Support to battle "global warming" slipping Posted by: McQ
on Saturday, November 29, 2008
Skepticism, financial crisis and cost seem to be turning the public at large away the from the draconian and costly solutions AGW supporters claim are necessary to battle "global warming" (or is it "climate change" today?):
Less than half of those surveyed, or 47 per cent, said they were prepared to make personal lifestyle changes to reduce carbon emissions, down from 58 per cent last year.
Only 37 per cent said they were willing to spend "extra time" on the effort, an eight-point drop.
And only one in five respondents - or 20 per cent - said they'd spend extra money to reduce climate change. That's down from 28 per cent a year ago.
The poll was taken in 11 countries:
The 11 countries surveyed were Australia, Brazil, Canada, China, France, Germany, India, Malaysia, Mexico, the United Kingdom and the United States. There were 2,000 respondents surveyed in China, including 1,000 in Hong Kong.
The survey was conducted as part of a joint collaboration between the financial institution HSBC and environmental groups, such as the Earthwatch Institute.
Most polled want to see investment increased in renewable energy research, however they are not at all keen on seeing tax schemes such as a carbon tax, established. Nor are they particularly high on collective international efforts such as Kyoto:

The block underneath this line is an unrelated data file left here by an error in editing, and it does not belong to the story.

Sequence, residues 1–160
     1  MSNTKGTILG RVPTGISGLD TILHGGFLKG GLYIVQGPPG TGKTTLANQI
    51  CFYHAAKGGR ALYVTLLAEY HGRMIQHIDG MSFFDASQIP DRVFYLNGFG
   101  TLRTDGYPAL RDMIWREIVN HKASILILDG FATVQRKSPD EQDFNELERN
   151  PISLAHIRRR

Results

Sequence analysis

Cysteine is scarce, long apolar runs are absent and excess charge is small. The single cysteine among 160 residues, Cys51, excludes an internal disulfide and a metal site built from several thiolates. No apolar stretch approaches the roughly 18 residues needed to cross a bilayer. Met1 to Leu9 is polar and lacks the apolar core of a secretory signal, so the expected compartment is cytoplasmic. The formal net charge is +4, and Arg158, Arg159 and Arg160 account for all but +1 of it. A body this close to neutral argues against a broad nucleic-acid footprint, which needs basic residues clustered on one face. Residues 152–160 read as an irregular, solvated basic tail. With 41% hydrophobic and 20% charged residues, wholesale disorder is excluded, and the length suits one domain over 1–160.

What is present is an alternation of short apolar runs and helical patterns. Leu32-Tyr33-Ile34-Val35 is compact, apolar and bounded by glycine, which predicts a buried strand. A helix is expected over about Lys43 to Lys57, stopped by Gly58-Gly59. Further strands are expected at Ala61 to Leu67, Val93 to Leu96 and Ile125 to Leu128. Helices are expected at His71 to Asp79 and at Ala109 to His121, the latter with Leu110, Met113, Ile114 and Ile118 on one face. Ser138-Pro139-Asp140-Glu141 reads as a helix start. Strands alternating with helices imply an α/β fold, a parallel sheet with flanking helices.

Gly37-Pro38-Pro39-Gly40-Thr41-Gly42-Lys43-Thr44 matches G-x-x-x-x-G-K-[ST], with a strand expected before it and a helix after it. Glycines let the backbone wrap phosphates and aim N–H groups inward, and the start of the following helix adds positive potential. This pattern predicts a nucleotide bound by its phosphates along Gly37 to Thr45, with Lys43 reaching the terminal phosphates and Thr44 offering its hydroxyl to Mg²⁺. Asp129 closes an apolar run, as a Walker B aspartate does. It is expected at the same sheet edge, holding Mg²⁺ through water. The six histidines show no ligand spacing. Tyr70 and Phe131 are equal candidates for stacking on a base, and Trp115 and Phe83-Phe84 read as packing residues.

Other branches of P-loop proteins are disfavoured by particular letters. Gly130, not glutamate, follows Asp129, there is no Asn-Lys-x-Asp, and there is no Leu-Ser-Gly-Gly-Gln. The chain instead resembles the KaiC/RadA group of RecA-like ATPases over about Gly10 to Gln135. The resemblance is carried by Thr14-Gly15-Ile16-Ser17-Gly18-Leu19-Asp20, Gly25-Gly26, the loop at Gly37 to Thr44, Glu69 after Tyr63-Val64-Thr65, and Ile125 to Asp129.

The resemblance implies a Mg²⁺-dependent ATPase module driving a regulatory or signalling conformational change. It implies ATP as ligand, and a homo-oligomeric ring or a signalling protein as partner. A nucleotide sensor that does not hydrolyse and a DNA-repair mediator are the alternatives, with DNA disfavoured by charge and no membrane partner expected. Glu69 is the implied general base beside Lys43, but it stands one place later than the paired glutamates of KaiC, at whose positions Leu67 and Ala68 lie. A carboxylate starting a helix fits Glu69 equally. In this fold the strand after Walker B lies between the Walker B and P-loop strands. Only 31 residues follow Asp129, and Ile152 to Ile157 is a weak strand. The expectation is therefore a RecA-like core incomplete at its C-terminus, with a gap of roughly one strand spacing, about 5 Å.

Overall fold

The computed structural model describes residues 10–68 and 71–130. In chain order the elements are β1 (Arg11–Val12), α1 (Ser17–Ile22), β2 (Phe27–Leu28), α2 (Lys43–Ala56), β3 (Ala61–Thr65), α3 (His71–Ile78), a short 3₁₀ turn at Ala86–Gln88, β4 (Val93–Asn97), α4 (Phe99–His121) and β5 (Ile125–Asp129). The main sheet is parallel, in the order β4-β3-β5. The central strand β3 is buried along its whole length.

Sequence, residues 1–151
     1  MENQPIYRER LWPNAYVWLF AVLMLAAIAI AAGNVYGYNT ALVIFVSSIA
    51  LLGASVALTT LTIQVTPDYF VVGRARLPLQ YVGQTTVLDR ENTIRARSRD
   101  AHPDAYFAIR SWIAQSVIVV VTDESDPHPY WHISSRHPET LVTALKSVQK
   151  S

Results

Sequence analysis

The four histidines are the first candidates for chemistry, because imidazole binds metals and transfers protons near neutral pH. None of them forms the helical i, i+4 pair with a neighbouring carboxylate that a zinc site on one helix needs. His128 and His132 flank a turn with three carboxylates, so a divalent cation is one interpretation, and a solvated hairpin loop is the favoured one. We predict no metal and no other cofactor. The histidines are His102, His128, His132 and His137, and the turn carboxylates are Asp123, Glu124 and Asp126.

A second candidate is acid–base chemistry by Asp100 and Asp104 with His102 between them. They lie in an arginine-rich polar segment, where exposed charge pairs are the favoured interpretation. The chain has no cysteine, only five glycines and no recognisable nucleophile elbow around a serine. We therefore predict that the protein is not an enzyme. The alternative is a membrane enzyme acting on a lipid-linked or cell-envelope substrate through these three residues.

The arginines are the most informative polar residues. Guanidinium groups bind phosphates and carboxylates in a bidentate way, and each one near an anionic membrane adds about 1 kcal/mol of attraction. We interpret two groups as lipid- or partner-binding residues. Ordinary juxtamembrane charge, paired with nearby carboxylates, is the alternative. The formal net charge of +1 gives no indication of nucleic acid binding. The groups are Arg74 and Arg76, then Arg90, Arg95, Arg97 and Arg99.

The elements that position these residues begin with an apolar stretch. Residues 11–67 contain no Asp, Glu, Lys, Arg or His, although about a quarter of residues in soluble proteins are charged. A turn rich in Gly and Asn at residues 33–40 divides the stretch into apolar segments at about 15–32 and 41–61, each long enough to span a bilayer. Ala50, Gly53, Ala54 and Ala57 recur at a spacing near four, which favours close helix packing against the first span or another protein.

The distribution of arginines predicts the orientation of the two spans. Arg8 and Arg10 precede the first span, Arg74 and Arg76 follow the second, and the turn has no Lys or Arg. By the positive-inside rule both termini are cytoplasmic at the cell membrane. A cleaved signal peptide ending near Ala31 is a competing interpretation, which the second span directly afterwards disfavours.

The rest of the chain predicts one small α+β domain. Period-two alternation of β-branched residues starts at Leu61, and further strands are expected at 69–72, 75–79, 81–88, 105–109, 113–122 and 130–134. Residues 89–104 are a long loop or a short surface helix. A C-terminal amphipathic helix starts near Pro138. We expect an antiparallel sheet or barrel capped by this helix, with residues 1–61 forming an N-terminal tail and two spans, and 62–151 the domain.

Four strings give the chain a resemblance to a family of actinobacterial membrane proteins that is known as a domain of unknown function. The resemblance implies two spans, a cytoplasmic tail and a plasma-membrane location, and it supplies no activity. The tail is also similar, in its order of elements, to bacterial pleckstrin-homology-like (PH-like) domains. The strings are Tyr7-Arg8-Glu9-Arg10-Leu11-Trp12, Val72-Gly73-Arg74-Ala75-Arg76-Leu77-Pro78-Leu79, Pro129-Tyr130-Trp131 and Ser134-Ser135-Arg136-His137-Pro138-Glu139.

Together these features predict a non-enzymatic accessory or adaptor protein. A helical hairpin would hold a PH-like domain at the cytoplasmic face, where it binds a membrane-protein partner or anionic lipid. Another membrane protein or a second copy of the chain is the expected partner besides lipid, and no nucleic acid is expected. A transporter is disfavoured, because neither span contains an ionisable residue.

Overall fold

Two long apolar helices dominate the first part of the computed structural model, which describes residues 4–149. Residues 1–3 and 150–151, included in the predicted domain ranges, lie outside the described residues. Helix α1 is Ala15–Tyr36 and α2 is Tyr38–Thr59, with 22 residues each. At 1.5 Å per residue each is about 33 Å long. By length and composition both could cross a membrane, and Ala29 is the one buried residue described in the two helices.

Results of the poll suggested that 55 per cent of respondents in the 11 countries said their governments should be doing more by investing in renewable energy sources, such as wind, solar and wave power.
That's more than double the 27 per cent who wanted their governments to participate in Kyoto-style international agreements to reduce emissions.
In fact, those polled seem to be of the mind that all sources of energy should be used and to tax one heavily when it is an integral part of the energy requirements of all nations seems foolish:
"People believe governments are focusing too much attention on indirect actions that pass responsibility for climate change onto others, such as increasing taxes on fossil fuels, encouraging individual environmentally friendly activities and participating in international negotiations, such as the Kyoto Protocol," the report said.
Given all of that, however, the report concludes the problem isn't that the approach favored by the AGW crowd is wrong, it is because the public at large is simply ill informed:
"More needs to be done to inform consumers about measures such as green taxation or carbon trading to help them understand how tangible these can be."
"Tangible" in that if the AGW crowd gets its way consumers will be paying through the nose for the relatively cheap power they enjoy today all while still chasing the not-ready-for-primetime "alternative energy sources".
That said, it's nice to see the ranks of the skeptics growing.